The second issue that Horizon helps to clear up is around the whole question of how Sony conducts itself in the media and on-stage at events like E3 or Gamescom. While I wasn't remotely on board with the degree to which No Man's Sky was bashed following its release, there's no doubt that its critics had some fair points regarding the difference between the game implied when its creators were building up hype on Sony's stage, and the game that ended up in people's hands.
Horizon's pedigree, in terms of how it's been promoted and sold to fans, isn't dissimilar - its big, big moments have been on the Sony conference stage, where it's been a centrepiece of many events over the past few years. The outcome couldn't be more different, though; Horizon delivers on its promises, and that should help to restore a lot of confidence in the software Sony demonstrates and the way it demonstrates it in future. (Just in time, too, with GDC coming up shortly and E3 only a couple of months away.)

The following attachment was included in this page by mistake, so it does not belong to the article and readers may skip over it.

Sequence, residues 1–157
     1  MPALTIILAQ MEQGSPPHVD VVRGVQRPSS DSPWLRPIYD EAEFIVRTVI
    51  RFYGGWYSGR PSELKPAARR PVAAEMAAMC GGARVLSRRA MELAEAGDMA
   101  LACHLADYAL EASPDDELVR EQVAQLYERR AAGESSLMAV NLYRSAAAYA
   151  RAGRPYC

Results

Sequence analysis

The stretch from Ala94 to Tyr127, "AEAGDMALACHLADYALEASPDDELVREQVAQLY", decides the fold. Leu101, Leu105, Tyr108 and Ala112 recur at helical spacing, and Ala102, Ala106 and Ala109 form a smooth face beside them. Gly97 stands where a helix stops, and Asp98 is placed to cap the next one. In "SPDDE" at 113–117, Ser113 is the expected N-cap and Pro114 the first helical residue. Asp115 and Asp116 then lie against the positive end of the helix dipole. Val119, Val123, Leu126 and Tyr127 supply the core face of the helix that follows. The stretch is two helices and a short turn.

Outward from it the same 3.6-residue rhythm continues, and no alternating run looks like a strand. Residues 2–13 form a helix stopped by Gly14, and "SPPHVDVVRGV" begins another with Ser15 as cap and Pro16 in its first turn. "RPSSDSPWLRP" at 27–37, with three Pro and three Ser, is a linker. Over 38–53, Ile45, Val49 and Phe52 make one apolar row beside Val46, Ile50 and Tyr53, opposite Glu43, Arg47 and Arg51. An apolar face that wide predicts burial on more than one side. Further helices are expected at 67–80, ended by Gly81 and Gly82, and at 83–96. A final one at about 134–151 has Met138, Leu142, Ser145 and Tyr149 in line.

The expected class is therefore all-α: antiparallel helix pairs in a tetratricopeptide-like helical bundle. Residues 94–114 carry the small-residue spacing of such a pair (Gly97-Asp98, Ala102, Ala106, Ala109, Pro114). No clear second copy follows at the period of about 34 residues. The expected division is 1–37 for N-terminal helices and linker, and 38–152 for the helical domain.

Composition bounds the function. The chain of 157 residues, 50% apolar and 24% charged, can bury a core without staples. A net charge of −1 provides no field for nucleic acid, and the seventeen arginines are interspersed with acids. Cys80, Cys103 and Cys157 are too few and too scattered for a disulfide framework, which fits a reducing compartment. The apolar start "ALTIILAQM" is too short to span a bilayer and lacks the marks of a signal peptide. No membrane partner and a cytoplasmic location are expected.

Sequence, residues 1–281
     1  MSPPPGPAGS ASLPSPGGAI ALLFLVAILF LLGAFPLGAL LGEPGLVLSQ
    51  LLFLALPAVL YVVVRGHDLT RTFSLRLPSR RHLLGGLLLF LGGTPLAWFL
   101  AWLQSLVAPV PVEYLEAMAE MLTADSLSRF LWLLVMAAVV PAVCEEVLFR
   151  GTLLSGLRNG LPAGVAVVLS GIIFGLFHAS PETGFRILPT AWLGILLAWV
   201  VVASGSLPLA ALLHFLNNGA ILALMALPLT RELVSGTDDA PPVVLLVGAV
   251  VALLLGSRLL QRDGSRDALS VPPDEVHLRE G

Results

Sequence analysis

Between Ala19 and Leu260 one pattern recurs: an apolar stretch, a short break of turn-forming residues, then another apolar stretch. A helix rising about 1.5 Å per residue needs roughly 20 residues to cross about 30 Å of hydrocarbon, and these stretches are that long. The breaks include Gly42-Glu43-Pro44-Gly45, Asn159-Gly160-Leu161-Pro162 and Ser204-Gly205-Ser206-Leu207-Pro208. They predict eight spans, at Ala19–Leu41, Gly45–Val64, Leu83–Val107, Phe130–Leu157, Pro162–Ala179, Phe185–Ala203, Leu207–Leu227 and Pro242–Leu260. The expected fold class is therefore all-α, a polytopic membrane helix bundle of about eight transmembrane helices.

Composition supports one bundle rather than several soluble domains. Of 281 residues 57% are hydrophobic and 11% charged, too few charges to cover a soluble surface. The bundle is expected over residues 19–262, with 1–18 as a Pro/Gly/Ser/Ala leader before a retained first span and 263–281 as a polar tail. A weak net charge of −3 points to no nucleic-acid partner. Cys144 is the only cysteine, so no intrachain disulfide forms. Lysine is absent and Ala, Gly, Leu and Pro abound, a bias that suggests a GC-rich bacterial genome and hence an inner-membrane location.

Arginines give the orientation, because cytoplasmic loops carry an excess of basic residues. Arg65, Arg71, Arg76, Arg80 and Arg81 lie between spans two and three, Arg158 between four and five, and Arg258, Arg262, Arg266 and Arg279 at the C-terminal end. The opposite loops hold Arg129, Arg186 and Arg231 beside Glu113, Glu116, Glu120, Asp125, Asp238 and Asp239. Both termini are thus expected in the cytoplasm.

Even leaving aside those questions, though, there's a more general reason why Horizon's success is important right now. It's not about widening the gap with Microsoft; yes, that gap is cavernous and is growing wider, with the only real question being whether Microsoft is just refocusing resources on Scorpio titles (which also raises plenty of questions in itself, if it's the case) or whether it's all but abandoned first- and second-party publishing on Xbox platforms. Halo Wars 2 is good, by all accounts, but you have to look a long way down the pike to see the next big exclusive title, and the PS4 is averaging more than one major exclusive a month at present. Nor is the importance of these exclusives anything to do with Nintendo; while Switch is bound to do well at launch, especially given the availability of a great-looking Zelda title, Sony is unlikely to feel too much competitive heat from Nintendo in the medium term.
Rather, Sony finds itself in clear air ahead of its competitors, but facing an uphill struggle with which it is already somewhat familiar. PS4 is long past 50 million units now, and this is the point where the difficulty curve of attracting new customers starts to veer sharply upwards.
"Right now the PS4 doesn't need to think about the competition; it needs to think about how to stop itself from stagnating now that it's plucked all the low-hanging fruit in the console market"